During the lifetime of Agnes Campbell Walls (born in 1892) the change in our family circumstances was held in the confidence of Agnes, her siblings and her sons. Our efforts to piece the story together are based on records of births, deaths and marriages, property holdings, DNA, newspaper and published records, backed up by social research and overwhelming circumstantial evidence.
Agnes, our paternal grandmother, lived what always seemed to be on the surface a life of her times, a post war widow on a pension living in a modest council house in Dunfermline Scotland. Agnes travelled a lot, not just in Scotland but over Europe and Africa. It was from the parents of Agnes, James Walls and Catherine Burt, that the story took an interesting turn. It is unlikely that she knew of all the more distant names and history that we have so far traced here but along with her eldest son (our father) they were aware of links and family business matters that spanned several generations.
At the start there was absolutely no thoughts of a crock of gold or distant past "names" but what did exist was a trail of lease conversions and properties that suggested there was a story to be told. The 1800's saw wide extremes of changing fortunes, circumstances and social change. The period of post industrial revolution and the Napoleonic wars set the idealogical injustice of born privilege against universal rights. Aristocratic estates yielded to new wealth with a last hurrah just before the first world war when the great empires tore the population of Europe apart. This was the world that Agnes grew up in. She survived and thrived on a handful of weakening documents, family reputation and "friends". Even then a non-script LINKEDIN flourished.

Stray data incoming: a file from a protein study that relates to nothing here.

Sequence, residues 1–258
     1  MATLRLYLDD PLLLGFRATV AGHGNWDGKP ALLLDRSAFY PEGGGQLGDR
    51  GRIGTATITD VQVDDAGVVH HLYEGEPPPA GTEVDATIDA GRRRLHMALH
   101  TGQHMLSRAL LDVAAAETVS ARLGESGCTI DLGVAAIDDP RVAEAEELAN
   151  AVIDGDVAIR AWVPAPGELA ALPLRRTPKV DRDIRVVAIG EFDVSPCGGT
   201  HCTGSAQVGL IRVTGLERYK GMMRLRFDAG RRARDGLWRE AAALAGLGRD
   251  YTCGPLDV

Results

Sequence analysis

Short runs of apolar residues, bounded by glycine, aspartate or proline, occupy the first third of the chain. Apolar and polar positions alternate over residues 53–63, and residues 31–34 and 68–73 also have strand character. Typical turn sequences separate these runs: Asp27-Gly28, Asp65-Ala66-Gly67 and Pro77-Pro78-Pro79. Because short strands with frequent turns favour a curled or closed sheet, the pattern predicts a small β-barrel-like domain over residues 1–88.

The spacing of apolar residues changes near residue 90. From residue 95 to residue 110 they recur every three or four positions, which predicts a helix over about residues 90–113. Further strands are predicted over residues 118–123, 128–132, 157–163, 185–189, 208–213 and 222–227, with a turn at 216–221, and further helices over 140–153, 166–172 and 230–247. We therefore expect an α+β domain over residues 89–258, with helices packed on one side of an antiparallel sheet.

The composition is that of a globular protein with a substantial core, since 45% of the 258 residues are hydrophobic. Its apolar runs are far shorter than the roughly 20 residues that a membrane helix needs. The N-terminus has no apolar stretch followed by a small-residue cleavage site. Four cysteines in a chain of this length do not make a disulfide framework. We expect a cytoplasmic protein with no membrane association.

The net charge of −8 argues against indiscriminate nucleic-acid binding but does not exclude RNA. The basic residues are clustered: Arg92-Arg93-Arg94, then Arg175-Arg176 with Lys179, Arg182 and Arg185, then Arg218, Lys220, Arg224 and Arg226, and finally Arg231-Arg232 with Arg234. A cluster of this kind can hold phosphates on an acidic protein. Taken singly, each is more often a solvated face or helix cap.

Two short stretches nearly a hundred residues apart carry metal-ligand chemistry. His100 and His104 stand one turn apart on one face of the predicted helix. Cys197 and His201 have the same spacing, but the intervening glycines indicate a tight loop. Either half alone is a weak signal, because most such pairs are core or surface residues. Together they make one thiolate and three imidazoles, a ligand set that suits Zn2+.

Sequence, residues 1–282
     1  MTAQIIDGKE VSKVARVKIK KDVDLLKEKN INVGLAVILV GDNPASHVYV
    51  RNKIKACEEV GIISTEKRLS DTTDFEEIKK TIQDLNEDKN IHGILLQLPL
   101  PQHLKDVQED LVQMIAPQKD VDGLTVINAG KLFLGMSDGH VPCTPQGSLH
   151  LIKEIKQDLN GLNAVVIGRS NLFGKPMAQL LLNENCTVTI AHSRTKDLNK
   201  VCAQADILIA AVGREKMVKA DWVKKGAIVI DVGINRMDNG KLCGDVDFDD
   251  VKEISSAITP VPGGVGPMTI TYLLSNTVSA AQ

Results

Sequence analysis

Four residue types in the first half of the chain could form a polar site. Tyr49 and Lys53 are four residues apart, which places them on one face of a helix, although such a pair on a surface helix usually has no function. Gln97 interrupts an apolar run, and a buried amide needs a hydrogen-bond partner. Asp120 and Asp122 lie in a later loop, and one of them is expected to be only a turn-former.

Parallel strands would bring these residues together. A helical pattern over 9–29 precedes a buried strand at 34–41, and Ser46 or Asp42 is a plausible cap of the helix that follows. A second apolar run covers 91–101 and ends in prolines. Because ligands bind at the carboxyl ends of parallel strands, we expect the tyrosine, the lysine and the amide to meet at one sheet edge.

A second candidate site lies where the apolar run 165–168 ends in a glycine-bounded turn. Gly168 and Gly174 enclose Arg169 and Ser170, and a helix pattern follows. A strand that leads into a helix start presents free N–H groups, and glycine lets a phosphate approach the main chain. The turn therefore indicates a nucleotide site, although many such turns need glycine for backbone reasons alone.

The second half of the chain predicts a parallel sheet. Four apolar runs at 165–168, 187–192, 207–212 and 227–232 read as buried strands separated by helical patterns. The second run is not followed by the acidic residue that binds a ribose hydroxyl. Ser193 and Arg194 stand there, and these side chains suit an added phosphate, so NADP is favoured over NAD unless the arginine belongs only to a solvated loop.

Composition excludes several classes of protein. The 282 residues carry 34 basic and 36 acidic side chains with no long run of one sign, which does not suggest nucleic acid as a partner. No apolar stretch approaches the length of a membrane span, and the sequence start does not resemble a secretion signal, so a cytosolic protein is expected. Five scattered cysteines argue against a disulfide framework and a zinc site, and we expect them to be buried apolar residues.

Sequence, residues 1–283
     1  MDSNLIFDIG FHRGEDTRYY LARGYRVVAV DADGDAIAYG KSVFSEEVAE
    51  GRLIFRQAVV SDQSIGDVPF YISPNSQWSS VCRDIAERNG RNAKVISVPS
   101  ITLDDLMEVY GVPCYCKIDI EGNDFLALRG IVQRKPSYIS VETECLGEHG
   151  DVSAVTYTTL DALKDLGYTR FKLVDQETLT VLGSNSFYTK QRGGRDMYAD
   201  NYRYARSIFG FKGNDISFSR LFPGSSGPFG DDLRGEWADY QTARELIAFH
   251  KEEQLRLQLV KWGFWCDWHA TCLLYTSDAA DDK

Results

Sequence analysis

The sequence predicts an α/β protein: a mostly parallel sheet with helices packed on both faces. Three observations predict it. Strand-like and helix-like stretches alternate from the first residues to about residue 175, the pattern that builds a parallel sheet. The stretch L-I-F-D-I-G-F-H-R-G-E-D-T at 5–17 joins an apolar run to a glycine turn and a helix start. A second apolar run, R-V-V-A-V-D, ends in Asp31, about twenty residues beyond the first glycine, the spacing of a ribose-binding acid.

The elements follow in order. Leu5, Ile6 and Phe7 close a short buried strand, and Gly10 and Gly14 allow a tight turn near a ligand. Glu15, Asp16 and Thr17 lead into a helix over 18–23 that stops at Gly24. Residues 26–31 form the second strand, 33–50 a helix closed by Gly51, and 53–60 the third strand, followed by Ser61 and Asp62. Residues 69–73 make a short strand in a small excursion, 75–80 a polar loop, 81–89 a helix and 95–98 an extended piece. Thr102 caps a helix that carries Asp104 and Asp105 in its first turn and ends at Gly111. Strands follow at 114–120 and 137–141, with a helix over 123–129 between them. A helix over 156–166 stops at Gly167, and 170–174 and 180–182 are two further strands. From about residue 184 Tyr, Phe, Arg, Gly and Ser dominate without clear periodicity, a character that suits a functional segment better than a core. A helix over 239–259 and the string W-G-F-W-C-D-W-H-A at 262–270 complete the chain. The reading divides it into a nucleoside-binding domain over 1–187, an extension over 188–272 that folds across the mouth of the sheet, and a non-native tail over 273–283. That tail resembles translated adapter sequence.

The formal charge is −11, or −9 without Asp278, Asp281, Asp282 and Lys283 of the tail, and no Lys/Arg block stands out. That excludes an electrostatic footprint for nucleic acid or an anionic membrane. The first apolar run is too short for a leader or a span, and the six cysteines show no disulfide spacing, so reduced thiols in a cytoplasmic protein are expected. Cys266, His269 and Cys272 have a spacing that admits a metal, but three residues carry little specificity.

The line of merchants and gentry petered out from 1800 with many of the family turning to the coal and linen trade for work. Mining, pubs or inns and linen are common in our more recent ancestors. But those who stayed in business did well.